Resistance Measurements for Multilayer Supported Membranes

Wednesday, October 14, 2015: 16:20
211-B (Phoenix Convention Center)
D. M. Peppin, M. Yandrasits (3M Company), and A. S. Fochs (3M Company)
In cell, through plane resistance is an important quantity for proper characterization of multilayer supported composite membranes. Through plane resistance of a supported composite membrane is impacted by the addition of a non-conductive supporting material, effectively decreasing the density of acid sites in the composite layer. Additionally, there could be other impacts on through plane resistance due to phenomena such as changes in water transport resulting in localized lambda variation as well as possible tortuosity effects due to the support.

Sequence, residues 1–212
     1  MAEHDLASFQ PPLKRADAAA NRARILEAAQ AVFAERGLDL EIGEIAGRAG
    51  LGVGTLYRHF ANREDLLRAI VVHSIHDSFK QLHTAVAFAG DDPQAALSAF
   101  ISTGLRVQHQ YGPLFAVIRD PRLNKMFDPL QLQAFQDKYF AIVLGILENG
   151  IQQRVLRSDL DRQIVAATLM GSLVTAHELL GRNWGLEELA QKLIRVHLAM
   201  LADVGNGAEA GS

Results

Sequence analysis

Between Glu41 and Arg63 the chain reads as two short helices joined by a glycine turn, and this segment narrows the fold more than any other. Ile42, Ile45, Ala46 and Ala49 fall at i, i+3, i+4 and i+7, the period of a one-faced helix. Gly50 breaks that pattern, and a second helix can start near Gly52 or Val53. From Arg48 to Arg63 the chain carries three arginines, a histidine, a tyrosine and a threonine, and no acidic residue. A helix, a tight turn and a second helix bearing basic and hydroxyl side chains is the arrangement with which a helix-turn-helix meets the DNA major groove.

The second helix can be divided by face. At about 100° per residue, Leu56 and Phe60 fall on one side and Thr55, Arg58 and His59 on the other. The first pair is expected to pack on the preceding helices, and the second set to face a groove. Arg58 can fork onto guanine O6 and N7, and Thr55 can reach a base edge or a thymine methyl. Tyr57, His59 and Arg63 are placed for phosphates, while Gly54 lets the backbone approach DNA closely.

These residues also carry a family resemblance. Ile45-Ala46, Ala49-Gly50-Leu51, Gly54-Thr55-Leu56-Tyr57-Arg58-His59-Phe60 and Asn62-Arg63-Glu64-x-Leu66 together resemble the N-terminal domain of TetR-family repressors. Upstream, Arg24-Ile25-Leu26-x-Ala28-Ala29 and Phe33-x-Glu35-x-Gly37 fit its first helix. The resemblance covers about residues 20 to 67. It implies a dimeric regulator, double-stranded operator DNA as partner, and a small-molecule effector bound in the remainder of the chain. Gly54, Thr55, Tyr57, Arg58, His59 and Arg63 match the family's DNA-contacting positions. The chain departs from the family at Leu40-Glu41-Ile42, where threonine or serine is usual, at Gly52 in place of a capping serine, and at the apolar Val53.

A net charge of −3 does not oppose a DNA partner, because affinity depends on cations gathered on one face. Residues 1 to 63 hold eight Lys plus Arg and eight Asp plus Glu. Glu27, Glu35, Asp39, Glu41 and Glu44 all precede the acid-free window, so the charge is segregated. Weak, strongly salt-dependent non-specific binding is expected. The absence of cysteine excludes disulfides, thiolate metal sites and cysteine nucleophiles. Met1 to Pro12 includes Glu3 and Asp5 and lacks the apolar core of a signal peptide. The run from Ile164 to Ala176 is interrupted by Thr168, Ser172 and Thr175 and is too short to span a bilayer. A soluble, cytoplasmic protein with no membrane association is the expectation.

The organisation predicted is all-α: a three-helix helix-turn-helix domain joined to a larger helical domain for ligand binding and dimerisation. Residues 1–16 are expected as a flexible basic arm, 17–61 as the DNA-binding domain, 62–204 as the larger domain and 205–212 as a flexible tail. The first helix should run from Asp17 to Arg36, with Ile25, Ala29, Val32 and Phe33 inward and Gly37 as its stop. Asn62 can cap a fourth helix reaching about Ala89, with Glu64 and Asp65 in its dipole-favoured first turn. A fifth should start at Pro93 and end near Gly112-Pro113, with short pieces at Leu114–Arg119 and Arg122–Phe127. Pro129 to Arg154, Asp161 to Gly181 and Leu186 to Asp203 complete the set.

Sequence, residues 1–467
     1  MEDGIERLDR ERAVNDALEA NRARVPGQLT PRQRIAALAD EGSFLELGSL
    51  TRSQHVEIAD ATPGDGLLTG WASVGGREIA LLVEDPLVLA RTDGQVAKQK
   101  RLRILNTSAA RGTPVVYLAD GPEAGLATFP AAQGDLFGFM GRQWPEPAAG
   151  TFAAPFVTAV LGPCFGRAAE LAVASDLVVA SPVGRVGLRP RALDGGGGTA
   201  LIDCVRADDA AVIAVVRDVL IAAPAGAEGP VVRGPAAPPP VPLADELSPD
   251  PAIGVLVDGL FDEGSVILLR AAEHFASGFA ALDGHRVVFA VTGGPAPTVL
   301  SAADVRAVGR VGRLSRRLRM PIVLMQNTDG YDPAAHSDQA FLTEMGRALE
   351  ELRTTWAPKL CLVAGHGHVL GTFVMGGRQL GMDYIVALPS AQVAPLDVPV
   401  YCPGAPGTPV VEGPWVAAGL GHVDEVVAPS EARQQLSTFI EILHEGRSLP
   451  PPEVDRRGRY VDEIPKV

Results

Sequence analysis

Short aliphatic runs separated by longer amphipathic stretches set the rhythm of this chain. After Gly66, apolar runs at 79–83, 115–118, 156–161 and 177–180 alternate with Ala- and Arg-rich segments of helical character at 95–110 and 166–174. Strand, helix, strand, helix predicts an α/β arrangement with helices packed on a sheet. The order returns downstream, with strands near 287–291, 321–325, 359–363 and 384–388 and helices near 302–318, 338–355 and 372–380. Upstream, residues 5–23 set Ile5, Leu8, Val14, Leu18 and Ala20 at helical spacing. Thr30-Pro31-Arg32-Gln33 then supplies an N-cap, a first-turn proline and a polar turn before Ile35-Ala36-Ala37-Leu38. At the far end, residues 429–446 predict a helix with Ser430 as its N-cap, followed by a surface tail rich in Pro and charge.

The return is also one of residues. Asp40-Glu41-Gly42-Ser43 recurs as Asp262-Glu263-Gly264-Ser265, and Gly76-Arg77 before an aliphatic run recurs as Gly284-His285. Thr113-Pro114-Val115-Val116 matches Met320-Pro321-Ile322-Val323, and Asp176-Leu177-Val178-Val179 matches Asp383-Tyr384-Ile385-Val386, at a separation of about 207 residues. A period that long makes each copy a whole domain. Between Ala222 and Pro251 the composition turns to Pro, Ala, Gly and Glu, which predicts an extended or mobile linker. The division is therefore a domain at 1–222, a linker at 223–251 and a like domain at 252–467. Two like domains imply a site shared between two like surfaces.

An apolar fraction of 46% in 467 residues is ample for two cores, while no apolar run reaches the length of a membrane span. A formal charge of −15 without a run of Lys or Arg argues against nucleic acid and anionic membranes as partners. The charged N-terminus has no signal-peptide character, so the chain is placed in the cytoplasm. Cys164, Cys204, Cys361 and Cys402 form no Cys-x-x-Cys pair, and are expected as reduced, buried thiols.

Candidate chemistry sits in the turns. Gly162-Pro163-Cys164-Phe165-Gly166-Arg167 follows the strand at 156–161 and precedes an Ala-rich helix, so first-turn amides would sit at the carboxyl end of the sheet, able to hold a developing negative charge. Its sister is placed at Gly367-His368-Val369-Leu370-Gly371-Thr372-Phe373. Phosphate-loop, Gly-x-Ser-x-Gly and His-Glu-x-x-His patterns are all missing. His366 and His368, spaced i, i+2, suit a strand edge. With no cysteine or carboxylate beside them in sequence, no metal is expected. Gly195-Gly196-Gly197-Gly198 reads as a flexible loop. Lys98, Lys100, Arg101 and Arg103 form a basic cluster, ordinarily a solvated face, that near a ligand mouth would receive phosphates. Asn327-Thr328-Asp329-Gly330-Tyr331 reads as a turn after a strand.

It is possible to characterize, separately, the through plane resistance of the neat ionomer skin layers as well as the ionomer filled support composite layer by measuring the through plane resistance for a series of supported membranes varying only in ionomer skin thickness. The conductivity of the composite layer can then be compared to the conductivity of the neat ionomer, allowing for the determination of a "conductivity restriction" factor. This conductivity restriction factor can then be compared to the volume fraction of nonconductive support material in the composite layer to determine whether the impact on conductivity is due solely to acid site dilution or if there are additional losses. This analysis can be used to compare various support materials for their impact on through plane resistance. The results of this work will help guide the choice of support materials to optimize mechanical properties while minimizing the impact on through plane resistance.